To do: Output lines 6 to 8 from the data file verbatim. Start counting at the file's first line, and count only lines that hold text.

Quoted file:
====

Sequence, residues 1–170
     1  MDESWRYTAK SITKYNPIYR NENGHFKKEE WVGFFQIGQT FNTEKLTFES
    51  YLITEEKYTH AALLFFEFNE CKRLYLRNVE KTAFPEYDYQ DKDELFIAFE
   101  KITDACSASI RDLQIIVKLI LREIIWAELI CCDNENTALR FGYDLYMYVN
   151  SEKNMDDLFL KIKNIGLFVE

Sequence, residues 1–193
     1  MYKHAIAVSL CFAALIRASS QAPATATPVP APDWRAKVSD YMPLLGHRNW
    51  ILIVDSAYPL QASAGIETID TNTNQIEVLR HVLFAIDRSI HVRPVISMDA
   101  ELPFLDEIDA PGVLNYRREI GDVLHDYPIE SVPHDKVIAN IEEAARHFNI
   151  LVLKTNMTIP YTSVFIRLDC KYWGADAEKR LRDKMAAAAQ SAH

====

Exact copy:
Sequence, residues 1–193
     1  MYKHAIAVSL CFAALIRASS QAPATATPVP APDWRAKVSD YMPLLGHRNW
    51  ILIVDSAYPL QASAGIETID TNTNQIEVLR HVLFAIDRSI HVRPVISMDA